Table 5. Linear regression analysis
The focus group held with the 11 teachers provided information about several aspects of the course that they liked. They reported that the course clearly outlined the process and taught a rigorous systematic approach which included all aspects of at-risk and unwell newborns. This made the course suitable for beginners. Specifically, the teachers found the content of the textbook well designed and the primary survey good. They noted that teaching about X-rays was practical and could easily be used by local physicians. The teaching process did not require a theoretical base or high prior skills. They felt that the two days of training was very good.
The teachers recommended some modifications to the course. They suggested that course expectations for learners should be more clearly outlined. They noted that implementation would require them to consider local conditions such as the clinical resources, skill level, and equipment which should be taken into account. Similarly, cases needed to be re-designed for the local setting with some modification to reduce their complexity. They identified the need for additional work on the jaundice skill station and feeding for the at risk infants. The teachers commented on the amount of time it would take to go through the sequences in a very busy clinical practice. They were concerned that changing the practice of providers would be difficult, especially for older clinicians. (for participant quotes see Additional file 5)
Two focus groups were held for learners with a total of 19 participants. The learners were very positive about the course. They stated that the content was clear and concise with a logical and systematic order that made it easy to understand. They found it suitable for clinical practice and holistic in its coverage of at-risk newborns. Teachers were seen as knowledgeable, interacting with participants and willing to answer questions. Particular elements that were identified as strong included the text book and its clear contents, the use of the primary survey to introduce proper procedures and the usefulness of the sequence skill station. The learners felt the workshop would be useful to rural physicians and that they could teach the material.
Some challenges with the course were described by the learners. While the primary survey (algorithm) was seen as good, they recommended modifications so that it would be more useful and suitable for the Chinese environment. They encouraged adding more information about the respiratory system and jaundice to the course and to the textbook. Last, learners suggested that clinical simulations would be helpful.
Learners also recommended pre-course material including a clear workshop schedule and textbook so they could prepare for the course. They noted that attention also needed to be paid to post course activities to reinforce the content to prevent participants from going back to their old ways. (for participant quotes see Additional file 5)
This is an evaluation of the ACoRN course in a setting very different from the one in which it was initially developed. As noted earlier, the partners in China had identified a need for the program. There were shortages of nurses, physicians were not trained to care for ill newborns, and usable algorithms did not exist to evaluate babies quickly. The team of 3 Canadians and 4 Chinese teachers worked together to review the course material in a step by step procedure. They wanted to ensure that both the material and the delivery were appropriate before the program was delivered. These discussions led to modification of content, namely information about managing jaundice was added to the course. Teaching was also modified. In China, teaching is traditionally didactic and teacher directed. In Canada, the program would be handled through a facilitative process in which learners would be encouraged to provide their opinions and ideas and work towards group solutions. The discussion between Chinese and Canadian teachers led to a teaching structure in which the teaching became more directed than in Canada (less facilitative) with the teachers providing explicit information about patient management. We presented the skill stations and demonstrated the interactive participatory method of learning. The students very quickly learnt how to conduct them and were successfully engaged in the participatory learning. We speculate that in settings where traditional didactic methods of teaching are practiced exposure to participatory methods will be acceptable and may lead to acquisition and sustainability of knowledge. The initial evaluation results of these modifications to the ACoRN course in this setting are encouraging and suggest that the program with modifications could be used in China.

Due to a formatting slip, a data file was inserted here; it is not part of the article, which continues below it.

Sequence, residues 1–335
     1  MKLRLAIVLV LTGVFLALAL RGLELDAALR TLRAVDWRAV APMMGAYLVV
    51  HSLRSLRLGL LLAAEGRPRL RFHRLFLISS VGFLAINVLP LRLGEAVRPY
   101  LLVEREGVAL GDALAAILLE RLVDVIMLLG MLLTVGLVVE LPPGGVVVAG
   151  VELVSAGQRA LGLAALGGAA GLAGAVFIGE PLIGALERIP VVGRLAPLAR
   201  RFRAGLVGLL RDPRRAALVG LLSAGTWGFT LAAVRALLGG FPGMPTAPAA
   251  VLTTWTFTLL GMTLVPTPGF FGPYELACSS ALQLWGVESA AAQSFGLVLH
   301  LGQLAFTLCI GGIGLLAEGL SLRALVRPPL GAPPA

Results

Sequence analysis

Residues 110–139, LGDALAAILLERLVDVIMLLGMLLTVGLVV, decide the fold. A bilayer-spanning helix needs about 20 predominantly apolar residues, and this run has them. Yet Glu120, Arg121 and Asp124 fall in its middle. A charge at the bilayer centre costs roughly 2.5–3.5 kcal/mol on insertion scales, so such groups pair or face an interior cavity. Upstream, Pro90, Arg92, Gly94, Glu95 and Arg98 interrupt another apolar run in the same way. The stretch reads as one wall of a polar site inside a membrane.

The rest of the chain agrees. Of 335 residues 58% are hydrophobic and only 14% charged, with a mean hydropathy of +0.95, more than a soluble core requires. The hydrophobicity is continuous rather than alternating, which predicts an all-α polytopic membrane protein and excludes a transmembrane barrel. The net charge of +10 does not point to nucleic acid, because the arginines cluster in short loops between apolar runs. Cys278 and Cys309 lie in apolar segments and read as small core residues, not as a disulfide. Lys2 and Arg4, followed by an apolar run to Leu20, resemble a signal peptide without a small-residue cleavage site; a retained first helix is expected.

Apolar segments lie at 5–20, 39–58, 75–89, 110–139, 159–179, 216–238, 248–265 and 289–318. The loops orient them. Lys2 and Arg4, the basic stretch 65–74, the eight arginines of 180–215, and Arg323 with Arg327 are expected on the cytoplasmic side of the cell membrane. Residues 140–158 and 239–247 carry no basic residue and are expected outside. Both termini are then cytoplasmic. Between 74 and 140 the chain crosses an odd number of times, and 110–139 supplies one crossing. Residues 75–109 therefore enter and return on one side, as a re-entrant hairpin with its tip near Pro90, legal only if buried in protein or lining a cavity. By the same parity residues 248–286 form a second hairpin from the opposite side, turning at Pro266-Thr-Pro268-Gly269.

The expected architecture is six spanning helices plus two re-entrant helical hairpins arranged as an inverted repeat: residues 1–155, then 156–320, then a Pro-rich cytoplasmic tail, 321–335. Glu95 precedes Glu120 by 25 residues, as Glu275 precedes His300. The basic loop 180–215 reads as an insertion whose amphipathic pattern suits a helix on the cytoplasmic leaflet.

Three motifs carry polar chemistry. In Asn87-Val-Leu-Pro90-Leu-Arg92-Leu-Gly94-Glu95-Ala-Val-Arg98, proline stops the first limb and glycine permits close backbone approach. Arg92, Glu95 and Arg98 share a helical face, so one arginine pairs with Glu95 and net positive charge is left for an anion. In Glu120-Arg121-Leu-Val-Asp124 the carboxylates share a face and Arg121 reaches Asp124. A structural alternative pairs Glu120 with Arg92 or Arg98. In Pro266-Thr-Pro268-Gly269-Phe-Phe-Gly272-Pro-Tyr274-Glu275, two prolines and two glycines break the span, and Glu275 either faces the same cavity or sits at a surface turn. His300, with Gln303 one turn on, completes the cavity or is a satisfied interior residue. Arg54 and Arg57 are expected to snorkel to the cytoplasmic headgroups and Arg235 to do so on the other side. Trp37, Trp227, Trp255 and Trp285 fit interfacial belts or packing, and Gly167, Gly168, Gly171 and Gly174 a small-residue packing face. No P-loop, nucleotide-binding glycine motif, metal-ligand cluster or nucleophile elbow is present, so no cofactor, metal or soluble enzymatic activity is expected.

Participants told us that the content and focus of the course were useful. Further, participants believed they could apply what they learned in their own clinical practices. The course functioned reasonably well with teachers reporting they would be comfortable teaching the content and learners demonstrating an increase in knowledge and self- confidence. For both self-confidence and knowledge, the effect size of the increase in scores could be considered to be ‘large’. The variance in the scores at the post-test was primarily explained by the pre course knowledge scores; while the pre-comfort score did make a statistically unique contribution to the equation it added very little to the variance.
By taking both a quantitative and qualitative approach to data collection, we were able to assess change and improvement in scores as well as obtaining critical information to modify the course. The focus groups provided us with additional insights about participants’ desires to prepare for the learning experience, areas which needed to be expanded, and cases which were inappropriate for learners in China.